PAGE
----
In sum, the Biden’s embrace of left-wing ideology leaves him and his party vulnerable and stranded on the issue of crime, even as that issue moves to the political forefront. All Biden and the Dems can do is hope that the wave of violent crime recedes.

That’s not likely to happen. Last year, the Dems deluded themselves into believing that the crime wave was due to the pandemic and/or unrest following the death of George Floyd. Now, they admit otherwise, as the Washington Post shows in this article.

The Post quotes Cleveland’s Democratic mayor Frank Jackson who says that violent crime “is going to get worse.” In Jackson’s view, “there’s nothing that’s going to be bring this down in the near future.”

Certainly, nothing the Democrats support will bring violent crime down in the near future. A surge in proactive policing coupled with an end to releasing criminals probably would. But these policies are off the table for Joe Biden and his party.

UPDATE: Late this afternoon, Biden presented his ideas for curbing violent crime. As expected, he emphasized gun control. As discussed above, gun control measures cannot be expected to reduce gun violence.

Biden also proposed stepping up programs to help recently-released convicts. There is no shortage of programs for rehabilitating cons and ex-cons. The lenient sentencing crowd has been touting such programs for years. Yet, violent crime continues to rise.

Here’s a better idea. Stop remanding dangerous criminals back into the community on supervised release, or otherwise. A study in New York City released by the de Blasio administration itself shows that its bail reform/supervised release program has contributed to an increase in crime in the city.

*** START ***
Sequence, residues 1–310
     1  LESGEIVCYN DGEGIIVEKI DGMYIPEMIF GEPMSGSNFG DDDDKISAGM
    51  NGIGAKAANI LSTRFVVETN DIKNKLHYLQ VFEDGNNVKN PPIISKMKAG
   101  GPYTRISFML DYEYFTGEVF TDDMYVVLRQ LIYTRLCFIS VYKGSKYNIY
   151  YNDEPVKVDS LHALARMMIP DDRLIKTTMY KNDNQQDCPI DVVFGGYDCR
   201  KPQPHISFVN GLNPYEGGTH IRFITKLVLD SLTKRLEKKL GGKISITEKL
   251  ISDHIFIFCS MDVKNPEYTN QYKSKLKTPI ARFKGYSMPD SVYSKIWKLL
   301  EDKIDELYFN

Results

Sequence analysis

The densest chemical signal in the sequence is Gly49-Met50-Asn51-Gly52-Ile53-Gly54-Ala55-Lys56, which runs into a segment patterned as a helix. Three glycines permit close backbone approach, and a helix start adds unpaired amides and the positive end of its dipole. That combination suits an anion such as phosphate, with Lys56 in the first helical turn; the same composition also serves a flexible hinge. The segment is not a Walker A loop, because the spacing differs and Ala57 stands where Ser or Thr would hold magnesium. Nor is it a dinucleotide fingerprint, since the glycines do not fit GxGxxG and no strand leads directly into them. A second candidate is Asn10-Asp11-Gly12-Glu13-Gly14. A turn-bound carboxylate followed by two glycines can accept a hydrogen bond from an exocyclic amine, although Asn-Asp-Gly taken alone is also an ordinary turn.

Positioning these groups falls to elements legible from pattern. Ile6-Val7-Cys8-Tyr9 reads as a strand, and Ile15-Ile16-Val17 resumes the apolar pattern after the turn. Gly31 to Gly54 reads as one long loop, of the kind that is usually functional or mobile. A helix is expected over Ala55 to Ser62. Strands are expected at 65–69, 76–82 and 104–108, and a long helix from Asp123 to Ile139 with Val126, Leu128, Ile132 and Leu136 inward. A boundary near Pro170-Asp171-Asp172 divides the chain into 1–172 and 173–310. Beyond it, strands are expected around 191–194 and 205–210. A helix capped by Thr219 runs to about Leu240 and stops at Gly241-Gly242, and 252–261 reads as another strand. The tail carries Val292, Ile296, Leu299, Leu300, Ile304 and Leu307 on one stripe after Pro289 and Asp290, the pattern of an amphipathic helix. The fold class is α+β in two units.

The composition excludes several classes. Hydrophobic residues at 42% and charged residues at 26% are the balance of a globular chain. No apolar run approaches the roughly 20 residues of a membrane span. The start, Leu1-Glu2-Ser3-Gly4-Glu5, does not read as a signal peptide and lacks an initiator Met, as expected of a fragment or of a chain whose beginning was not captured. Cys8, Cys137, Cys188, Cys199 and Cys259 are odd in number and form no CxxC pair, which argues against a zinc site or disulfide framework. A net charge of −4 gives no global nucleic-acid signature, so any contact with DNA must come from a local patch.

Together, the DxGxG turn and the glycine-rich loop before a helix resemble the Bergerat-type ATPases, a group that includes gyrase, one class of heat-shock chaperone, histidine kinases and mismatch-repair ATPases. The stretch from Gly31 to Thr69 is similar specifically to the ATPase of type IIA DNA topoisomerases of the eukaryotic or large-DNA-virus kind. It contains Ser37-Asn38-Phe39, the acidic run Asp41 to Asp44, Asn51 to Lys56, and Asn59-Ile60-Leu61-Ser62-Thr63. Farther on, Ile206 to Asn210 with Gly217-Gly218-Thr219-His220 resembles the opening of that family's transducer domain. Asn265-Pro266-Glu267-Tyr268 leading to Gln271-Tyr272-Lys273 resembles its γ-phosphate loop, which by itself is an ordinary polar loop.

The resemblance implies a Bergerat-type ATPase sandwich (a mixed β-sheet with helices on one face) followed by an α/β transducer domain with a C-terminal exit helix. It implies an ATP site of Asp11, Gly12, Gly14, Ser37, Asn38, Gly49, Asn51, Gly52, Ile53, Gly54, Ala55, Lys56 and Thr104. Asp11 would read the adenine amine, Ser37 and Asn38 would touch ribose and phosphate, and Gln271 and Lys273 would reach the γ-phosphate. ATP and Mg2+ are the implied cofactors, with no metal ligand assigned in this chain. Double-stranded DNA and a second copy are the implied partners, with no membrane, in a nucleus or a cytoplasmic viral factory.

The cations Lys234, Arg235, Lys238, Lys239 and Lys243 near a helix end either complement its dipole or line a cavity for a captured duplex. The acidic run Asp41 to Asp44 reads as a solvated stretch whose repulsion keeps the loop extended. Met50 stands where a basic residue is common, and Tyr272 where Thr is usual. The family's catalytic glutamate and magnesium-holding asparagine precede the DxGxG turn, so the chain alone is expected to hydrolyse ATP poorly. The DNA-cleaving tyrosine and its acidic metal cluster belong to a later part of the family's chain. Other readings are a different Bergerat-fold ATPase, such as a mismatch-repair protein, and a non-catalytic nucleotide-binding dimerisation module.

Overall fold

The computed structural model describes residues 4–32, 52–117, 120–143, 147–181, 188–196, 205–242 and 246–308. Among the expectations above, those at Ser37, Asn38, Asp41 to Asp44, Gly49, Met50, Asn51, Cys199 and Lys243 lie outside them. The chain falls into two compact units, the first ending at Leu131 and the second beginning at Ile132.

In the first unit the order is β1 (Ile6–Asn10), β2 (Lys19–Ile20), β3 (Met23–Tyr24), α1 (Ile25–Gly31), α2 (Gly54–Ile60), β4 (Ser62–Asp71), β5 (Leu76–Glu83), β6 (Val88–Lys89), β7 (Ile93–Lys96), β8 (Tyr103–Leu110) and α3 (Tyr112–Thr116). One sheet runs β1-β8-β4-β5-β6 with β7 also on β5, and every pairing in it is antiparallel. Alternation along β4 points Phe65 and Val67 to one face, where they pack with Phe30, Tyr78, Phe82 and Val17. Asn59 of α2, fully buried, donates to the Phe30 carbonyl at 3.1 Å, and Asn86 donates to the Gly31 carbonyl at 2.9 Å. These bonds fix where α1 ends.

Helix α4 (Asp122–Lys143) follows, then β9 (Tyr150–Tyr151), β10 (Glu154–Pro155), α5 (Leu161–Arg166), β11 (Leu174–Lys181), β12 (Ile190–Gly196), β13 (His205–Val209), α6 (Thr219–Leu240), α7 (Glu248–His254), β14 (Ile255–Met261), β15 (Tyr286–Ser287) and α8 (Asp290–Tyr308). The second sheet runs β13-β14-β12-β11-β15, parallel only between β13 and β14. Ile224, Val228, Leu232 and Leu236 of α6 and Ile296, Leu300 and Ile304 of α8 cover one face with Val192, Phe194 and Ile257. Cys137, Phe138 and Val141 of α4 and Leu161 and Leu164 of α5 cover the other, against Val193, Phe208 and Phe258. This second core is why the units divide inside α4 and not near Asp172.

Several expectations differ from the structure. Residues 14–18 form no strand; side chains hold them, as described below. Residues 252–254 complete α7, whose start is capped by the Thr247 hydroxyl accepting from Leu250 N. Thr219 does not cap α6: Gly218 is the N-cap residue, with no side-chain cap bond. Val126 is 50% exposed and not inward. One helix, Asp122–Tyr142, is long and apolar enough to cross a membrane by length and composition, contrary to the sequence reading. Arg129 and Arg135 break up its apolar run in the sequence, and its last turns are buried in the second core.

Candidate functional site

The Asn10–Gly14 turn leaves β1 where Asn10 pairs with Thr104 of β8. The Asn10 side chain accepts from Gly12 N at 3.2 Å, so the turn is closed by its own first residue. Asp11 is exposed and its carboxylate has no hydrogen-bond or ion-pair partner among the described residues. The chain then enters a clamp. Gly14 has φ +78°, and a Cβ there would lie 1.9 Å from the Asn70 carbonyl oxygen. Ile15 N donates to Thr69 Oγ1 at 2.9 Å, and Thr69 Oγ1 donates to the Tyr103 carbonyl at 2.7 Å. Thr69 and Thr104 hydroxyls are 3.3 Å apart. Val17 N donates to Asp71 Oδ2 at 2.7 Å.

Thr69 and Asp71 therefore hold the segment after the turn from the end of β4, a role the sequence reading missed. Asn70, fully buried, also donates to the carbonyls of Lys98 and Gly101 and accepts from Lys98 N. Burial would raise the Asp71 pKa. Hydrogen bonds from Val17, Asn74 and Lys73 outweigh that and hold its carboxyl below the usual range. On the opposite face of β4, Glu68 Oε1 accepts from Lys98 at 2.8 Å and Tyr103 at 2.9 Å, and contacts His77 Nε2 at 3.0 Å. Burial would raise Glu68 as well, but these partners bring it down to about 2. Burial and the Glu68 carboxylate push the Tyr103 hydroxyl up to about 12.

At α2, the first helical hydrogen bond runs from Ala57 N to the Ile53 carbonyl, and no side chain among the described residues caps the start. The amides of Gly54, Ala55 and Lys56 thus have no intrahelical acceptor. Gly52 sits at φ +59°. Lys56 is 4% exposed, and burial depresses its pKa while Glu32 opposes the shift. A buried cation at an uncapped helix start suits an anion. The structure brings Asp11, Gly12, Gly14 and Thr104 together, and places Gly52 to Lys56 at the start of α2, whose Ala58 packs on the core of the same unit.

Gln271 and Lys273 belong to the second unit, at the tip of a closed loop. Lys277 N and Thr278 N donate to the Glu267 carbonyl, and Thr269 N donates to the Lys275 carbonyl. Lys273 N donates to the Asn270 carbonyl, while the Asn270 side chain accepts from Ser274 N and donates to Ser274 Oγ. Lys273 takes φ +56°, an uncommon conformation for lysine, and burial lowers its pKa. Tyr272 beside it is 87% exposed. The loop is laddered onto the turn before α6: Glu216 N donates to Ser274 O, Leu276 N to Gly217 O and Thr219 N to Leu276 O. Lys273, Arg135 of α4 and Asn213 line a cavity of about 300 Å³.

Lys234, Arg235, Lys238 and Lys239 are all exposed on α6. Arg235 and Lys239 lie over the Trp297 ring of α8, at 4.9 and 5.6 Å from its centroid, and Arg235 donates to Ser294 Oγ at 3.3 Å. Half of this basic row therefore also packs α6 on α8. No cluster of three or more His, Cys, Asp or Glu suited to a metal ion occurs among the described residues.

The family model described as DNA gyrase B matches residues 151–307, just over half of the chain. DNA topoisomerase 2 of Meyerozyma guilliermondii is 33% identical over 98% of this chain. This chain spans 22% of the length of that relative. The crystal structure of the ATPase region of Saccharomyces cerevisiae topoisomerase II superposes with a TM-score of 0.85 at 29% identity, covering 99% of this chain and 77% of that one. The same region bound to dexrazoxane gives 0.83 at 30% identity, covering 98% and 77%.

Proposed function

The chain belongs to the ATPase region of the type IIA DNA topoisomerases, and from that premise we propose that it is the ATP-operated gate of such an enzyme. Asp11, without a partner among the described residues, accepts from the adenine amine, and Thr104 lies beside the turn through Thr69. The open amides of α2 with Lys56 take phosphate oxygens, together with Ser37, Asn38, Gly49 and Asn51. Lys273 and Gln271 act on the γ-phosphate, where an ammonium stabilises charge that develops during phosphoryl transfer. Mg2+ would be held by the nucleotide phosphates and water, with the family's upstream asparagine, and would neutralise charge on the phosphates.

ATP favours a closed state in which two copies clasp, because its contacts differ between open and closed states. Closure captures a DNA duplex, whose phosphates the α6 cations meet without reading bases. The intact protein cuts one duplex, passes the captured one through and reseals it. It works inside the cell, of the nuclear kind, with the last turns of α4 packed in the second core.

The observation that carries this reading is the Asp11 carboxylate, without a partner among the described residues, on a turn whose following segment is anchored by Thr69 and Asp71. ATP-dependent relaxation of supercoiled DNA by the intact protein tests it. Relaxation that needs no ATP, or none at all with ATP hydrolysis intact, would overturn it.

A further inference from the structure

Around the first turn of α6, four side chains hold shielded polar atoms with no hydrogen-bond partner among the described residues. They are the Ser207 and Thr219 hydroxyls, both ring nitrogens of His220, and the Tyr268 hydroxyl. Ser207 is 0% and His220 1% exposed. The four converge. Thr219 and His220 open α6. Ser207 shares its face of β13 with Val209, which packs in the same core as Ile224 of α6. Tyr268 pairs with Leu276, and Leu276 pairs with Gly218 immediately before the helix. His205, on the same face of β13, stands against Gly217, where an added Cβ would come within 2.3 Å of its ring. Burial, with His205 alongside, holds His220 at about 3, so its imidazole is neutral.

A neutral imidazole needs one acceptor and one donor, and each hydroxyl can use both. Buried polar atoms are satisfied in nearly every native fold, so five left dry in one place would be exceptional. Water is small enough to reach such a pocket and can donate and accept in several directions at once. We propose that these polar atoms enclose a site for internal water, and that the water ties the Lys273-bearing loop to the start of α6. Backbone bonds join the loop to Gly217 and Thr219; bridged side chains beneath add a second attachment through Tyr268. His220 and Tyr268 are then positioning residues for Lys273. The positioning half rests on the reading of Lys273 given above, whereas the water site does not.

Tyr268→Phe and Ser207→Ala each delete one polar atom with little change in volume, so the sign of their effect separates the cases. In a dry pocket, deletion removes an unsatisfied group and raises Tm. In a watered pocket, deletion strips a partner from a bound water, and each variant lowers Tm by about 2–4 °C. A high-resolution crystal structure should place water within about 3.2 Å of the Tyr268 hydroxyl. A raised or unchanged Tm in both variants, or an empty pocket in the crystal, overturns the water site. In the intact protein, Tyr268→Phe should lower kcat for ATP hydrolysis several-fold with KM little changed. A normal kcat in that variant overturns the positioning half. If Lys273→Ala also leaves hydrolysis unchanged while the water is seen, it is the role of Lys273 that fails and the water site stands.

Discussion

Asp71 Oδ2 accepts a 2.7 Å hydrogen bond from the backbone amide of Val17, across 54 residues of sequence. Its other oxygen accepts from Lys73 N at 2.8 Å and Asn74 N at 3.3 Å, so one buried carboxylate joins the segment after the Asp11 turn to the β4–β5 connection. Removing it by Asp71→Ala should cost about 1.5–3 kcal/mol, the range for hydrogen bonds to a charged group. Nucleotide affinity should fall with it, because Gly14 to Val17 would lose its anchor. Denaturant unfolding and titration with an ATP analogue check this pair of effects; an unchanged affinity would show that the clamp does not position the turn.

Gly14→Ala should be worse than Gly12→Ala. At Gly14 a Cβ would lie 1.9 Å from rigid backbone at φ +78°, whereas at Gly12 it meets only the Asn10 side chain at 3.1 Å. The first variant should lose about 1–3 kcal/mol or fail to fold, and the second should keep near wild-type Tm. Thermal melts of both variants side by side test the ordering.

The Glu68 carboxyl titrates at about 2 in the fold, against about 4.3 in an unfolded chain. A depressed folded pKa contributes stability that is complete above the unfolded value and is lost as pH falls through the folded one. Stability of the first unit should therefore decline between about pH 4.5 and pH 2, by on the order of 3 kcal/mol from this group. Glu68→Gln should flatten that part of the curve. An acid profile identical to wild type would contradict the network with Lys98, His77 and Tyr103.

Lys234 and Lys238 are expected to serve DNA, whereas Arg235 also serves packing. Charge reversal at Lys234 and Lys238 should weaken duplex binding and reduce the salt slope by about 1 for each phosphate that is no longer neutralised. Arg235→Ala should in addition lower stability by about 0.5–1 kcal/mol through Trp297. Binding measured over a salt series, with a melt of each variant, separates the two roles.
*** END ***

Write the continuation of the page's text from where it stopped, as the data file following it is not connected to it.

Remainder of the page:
Biden had nothing to say about bail — at least not according to this report.

As for policing, Biden will allow $350 billion in federal stimulus money to be used to fund police departments in areas that have seen an increase in crime. Cities have the option of using funds for that purpose. It’s questionable whether cities where the “defund” movement is strong will take advantage of Biden’s offer, except maybe to hire social workers.

In any case, the money won’t mean much unless the mayors who control our cities, nearly all of whom are Democrats, give police officers the freedom and the incentives to police high crime areas proactively. As noted above, the current incentives all run the other way.

Moreover, any department that reinstitutes proactive policing risks the wrath of the Biden Justice Department. In particular, it risks the wrath of Kristen Clarke. She can be expected to use the shooting of black criminals by the police as grounds for federal intervention through which she can dictate policing practices to local police departments. The policies she dictates won’t include proactive policing.

Maybe Biden’s proposals will reduce violent crime. Maybe violent crime will decrease on its own. In either case, the nation will be better off and Democrats will have one less big issue to worry about.

But if, as I expect, Biden’s proposals have little positive impact and the violent crime wave continues on its present course or intensifies, the Dems will suffer. And now that Biden has acknowledged the problem and offered his solution, he will have nowhere to hide.